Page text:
Ghostwriter's latest ten-song album, 2008's Wreck the City/Simplify Your Life, released on Schecter's own End Of The West label, shows him at his best, with solid and original compositions, intelligent lyrics, driving foot-percussion, and his deep, raspy and ferocious trademark vocals. There is no question, he is the captain of this ship, and he will undoubtedly navigate it according to his own inner compass and handwritten charts. And I am quite sure I'm not alone when I say I can't wait to see where his mad voyage takes him next.

Recently I had the opportunity and pleasure of interviewing Steve Schecter (Ghostwriter). What follows is the material from that interview in its entirety.

For quite some time now I've been in the habit of beginning these interviews in an introductory fashion. Having conveyed that I should now ask you: Who is Ghostwriter, not just as a singer/songwriter but also an individual, a human being of this vast and crazy world in which we live?

Iím afraid Iím a walking clichť: lifelong DIY musician/blue-collar punk. Iím a native of Friend, Oregon, in historic Wasco County. I now live in The Dalles, about thirty miles from there. My first job was for the family business Ė a specialty hardwoods sawmill, which was also my second to most recent job. I went to high school briefly in the Portland suburbs and ended up with a GED. It was then that I played guitar in my first band. When I was nineteen, I went to Austin with a guitar and killed eleven years down there. After meeting my wife and getting married a few years ago, we decided to move back up here (back for me, as sheís a Texan). My day jobs have ranged from being a clerk at a toy store to running helical-anchors into the river bottom at the Waco Dam...a little bit of music production work, a lot of landscape, construction and warehouses (like now). At this point, Iíve left a few professions in lieu of touring. So the clichť is that now, due to my own choices, I can either work in a warehouse or a truck for low pay or I can put out a record and hit the road. Itís arguably more work for lower pay, but itís still a simple choice.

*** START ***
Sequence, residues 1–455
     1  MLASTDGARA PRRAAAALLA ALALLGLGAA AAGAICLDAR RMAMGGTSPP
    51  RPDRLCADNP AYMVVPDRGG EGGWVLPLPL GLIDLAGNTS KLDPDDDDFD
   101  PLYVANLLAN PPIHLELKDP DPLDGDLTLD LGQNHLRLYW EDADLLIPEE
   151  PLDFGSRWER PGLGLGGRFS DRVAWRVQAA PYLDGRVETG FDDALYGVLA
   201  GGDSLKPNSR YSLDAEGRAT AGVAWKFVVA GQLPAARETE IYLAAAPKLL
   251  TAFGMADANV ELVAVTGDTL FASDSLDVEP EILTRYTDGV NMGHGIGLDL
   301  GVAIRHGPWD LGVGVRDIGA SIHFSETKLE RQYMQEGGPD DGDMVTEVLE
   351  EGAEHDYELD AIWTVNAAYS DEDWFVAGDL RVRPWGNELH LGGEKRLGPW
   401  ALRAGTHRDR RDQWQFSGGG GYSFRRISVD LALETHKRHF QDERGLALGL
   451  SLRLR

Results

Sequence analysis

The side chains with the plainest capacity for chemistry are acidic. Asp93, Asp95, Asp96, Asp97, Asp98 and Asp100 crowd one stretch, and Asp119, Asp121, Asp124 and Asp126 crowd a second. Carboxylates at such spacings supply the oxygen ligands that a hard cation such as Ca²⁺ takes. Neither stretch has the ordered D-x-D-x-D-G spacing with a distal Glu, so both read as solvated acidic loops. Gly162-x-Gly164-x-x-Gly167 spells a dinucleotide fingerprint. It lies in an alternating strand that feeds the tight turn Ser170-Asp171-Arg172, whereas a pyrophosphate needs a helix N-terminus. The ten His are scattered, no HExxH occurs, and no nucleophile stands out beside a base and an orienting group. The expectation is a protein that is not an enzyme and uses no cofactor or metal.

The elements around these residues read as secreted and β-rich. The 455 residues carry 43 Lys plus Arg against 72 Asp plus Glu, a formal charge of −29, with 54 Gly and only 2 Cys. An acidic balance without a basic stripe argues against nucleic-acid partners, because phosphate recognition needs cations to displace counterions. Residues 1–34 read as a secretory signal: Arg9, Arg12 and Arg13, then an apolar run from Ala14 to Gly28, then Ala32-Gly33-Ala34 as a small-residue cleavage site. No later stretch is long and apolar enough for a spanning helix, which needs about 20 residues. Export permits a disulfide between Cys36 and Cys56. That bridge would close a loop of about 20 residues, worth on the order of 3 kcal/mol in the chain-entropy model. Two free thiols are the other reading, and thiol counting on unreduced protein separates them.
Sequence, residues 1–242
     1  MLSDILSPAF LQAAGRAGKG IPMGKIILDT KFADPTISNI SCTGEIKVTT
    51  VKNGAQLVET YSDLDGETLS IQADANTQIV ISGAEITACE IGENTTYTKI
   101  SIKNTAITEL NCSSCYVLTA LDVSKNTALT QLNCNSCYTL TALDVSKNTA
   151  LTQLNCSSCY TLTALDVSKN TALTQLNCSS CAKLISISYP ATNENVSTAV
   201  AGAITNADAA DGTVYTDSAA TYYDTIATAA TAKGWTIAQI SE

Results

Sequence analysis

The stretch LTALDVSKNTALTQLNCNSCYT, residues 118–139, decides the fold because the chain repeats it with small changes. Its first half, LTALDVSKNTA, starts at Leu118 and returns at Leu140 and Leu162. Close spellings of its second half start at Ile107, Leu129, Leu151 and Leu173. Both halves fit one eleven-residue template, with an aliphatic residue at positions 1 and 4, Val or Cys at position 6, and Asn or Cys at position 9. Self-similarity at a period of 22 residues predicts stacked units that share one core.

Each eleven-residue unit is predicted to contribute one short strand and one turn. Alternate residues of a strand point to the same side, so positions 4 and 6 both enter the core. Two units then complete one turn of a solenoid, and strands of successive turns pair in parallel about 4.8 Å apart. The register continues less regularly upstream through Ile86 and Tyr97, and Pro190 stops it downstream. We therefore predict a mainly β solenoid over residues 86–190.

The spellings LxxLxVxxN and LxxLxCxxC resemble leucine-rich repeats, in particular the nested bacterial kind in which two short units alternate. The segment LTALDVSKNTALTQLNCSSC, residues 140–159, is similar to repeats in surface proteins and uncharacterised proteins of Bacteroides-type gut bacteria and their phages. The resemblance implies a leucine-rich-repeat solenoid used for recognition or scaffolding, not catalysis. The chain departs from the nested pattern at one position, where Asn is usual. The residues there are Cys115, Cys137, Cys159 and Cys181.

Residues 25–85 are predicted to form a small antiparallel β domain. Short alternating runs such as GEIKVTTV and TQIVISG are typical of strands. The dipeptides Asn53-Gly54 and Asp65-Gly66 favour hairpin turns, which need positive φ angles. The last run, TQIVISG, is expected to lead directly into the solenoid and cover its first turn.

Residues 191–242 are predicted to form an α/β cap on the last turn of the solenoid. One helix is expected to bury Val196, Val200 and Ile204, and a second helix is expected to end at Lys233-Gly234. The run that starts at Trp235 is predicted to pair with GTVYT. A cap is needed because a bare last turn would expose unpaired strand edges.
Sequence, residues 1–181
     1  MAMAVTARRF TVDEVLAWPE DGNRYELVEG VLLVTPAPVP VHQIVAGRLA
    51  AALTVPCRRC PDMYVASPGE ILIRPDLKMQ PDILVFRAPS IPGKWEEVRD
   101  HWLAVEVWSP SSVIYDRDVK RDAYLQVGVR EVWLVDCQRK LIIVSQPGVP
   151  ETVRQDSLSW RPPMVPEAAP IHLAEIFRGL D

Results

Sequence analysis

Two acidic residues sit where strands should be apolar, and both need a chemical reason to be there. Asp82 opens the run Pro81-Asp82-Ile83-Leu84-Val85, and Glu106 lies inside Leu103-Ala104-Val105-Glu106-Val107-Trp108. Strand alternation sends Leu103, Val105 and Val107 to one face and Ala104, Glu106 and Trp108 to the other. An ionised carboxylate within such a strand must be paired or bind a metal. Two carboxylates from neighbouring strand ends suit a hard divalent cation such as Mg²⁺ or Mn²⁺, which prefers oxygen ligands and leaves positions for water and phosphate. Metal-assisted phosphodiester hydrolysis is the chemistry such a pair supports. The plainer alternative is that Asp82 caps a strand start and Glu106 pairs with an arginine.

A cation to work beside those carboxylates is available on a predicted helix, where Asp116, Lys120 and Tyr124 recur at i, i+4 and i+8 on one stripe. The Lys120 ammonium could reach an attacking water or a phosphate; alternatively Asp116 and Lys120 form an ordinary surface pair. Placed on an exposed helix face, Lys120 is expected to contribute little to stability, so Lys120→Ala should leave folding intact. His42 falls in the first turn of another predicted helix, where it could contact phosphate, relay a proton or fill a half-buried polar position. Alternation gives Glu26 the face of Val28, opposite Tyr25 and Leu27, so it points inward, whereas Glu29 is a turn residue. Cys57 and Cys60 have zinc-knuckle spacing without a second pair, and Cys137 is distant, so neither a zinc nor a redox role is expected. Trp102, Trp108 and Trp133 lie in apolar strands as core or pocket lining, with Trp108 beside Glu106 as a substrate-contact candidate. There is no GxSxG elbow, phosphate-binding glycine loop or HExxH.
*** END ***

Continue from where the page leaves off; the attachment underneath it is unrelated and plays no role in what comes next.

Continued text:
How about a little history of your Ghostwriter project?

I started doing this in 2002. I had been living in Austin a few years and playing in bands with a lot of lineup changes. It was an attempt to do something not reliant on other individuals. I put out the first three albums while living in Austin, pretty much in succession, all quick and dirty, all self-released on End Of The West. After moving up here I put out Hobo Nouveau, a collaboration with my friends Boxcar Satan, and then Wreck the City / simplify your life. I hit the road a lot the first few years -- gas was cheap and I felt liberated to be traveling alone. Overall, itís been a pretty good ride. Iíve played on bills with some of my heroes, and just due to timing, ended up on some festivals and comps that I think were really relevant at that moment.